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  • #1132087
    eWAY
    Member
    • Total posts: 524
    Billy744, post: 152472 wrote:
    You know as well as I that this is not a PCI requirement. In many instances merchants are approved to view card details in order to process a charge.

    PCI-DSS requirement 3.3 states PAN must be masked except in certain circumstances as I stated such as needing to access it to provide to police during a fraud investigation. You need to consult a QSA if you want the exact answers on what’s allowed and what’s not.

    I’m one of the staff at eWAY who has been involved in our PCI compliance including being educated on what the correct interpretation of the rules is by a QSA.

    I’m not here as a scaremonger, I’m simply trying to make sure you understand the PCI-DSS correctly as per the industry that created it and the advisors they’ve approved to assess providers against it. I’ll be happy to admit I’m wrong about manual transactions if the gateway you use provides a compliance certificate from a QSA.

    Scrooge, post: 152473 wrote:
    We have had this discussion before – No eway 0.9% transaction fee with eway 1.9% transaction fee – ANZ example – go direct with ANZ 1% saving straight up before further comparison.

    That’s very interesting to hear and I’ll be raising that with our sales manager. I know our agreed rate with CBA for reselling their merchant accounts is 1.4% so 1.9% is very high.

    Maclean

    #1132089
    Billy744
    Member
    • Total posts: 61
    eWAY, post: 152482 wrote:
    PCI-DSS requirement 3.3 states PAN must be masked except in certain circumstances as I stated such as needing to access it to provide to police during a fraud investigation. You need to consult a QSA if you want the exact answers on what’s allowed and what’s not.

    I’m one of the staff at eWAY who has been involved in our PCI compliance including being educated on what the correct interpretation of the rules is by a QSA.

    I’m not here as a scaremonger, I’m simply trying to make sure you understand the PCI-DSS correctly as per the industry that created it and the advisors they’ve approved to assess providers against it. I’ll be happy to admit I’m wrong about manual transactions if the gateway you use provides a compliance certificate from a QSA.

    Maclean

    I have just got off the phone to my merchant services manager at my bank and he has told me PCI does NOT prevent MOTO merchants from performing a charge on a credit card in anyway whatsoever. He laughed at me which made me feel like an idiot considering I have just finished all this stuff with my bank.

    He said one of the key components to being approved as a MOTO merchant is not storing the data in electronic format which I don’t. Using e-Path you can’t anyway.

    He also told me that my “compensating controls” I have by deleting the credit card details the moment the card is transacted is officially classed as “goes above and beyond” (actual PCI term) the requirements of PCI. He said if everyone was doing things manually and no credit cards existed anywhere after transacting there would be hardly any fraud in the world and maybe no need for the PCI in the first place!!!!!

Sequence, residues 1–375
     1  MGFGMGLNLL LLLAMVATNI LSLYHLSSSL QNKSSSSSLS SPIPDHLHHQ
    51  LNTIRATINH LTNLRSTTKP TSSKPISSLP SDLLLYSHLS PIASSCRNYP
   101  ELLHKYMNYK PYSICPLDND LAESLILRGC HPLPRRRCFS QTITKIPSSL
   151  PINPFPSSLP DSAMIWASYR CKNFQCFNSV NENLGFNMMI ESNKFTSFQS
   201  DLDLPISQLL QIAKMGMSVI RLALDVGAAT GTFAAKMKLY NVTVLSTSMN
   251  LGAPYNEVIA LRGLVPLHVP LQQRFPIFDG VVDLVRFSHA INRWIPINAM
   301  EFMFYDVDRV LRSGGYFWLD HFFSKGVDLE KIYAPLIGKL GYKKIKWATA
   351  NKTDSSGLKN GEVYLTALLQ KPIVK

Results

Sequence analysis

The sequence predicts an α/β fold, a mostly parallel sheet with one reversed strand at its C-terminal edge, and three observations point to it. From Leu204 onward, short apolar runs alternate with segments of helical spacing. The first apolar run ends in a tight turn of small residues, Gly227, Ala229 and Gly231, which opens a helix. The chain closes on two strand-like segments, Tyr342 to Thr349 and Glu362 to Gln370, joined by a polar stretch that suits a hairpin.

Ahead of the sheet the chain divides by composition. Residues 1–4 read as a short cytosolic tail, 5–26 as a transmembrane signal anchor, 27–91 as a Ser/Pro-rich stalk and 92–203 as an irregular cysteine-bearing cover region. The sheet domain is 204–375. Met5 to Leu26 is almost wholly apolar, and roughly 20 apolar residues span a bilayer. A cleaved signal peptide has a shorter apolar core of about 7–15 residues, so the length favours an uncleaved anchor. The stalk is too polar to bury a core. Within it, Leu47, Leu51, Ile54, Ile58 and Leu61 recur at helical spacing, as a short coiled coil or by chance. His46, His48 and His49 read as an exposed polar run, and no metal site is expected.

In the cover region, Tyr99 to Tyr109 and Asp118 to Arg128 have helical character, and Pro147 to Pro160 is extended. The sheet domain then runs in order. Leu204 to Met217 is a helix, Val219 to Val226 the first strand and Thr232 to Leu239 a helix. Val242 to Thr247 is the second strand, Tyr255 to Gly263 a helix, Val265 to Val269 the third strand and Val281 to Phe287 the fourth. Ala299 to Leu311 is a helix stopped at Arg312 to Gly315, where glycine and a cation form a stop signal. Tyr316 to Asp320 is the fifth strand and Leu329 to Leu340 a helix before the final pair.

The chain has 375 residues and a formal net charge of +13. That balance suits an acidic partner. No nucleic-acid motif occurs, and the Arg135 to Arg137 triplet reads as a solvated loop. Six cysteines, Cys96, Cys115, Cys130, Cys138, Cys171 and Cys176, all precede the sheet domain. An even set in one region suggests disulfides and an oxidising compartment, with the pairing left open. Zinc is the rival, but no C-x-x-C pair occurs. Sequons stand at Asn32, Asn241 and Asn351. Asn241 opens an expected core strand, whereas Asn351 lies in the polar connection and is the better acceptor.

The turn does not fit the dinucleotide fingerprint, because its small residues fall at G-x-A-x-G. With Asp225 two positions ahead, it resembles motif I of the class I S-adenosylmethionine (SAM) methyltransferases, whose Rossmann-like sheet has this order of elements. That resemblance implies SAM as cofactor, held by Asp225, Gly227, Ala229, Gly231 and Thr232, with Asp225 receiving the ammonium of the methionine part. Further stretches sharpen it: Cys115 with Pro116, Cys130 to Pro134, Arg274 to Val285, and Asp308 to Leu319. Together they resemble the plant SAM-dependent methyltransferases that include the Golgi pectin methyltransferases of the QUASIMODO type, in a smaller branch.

So there you go.

    #1132090
    Zava Design
    Participant
    • Total posts: 1,463
    Billy744, post: 152147 wrote:
    I hope you are not telling me you would prefer your credit card details to be permanently stored online somewhere rather then giving it directly to a merchant where your card details won’t even exist after the transaction is performed.
    But who says? How do I verify this??

    For me and for many like me I would prefer to pay the merchant directly and know my credit card details won’t exist after processing rather than say goodbye to them as they head off in to the wild internet where they will be permanently stored somewhere.

    And there are many others who would rather trust a well known and reputable payment gateway than some faceless small business merchant.

    I really cant see why you got so aggressive for me suggesting this?

    #1132091
    Billy744
    Member
    • Total posts: 61
    Scrooge, post: 152483 wrote:
    Don’t get me wrong you have a great product that allows people to easily accept online payments without the need for PCI compliance of their site which is no easy or cheap feat.

    Hey scrooge,
    Just interested, do people stay on your website when they enter their credit cards or are they taken somewhere else?

    Reason why I ask this is because if you are with eway, just as an example, and people enter their credit card on your website for it to be processed by eway your website will need to go through the whole PCI compliance certification process which means penetrating testing, scans etc. Your website must be certified as PCI compliant in its own right by an approved PCI scanning vendor.

    This usually means it can’t be on shared hosting.

    I am a manual MOTO merchant and use e-Path so I don’t have to do any of this for my website.

    #1132093
    Billy744
    Member
    • Total posts: 61

    Thanks Scrooge,

    Yes agreed. And you are doing everything right by the sounds of things as far as I know.

    I only ask because I know a number of people who are with eway and their customers enter their credit cards on their own site and it is transmitted off to eway for processing. This is because they want to keep the customer on their site.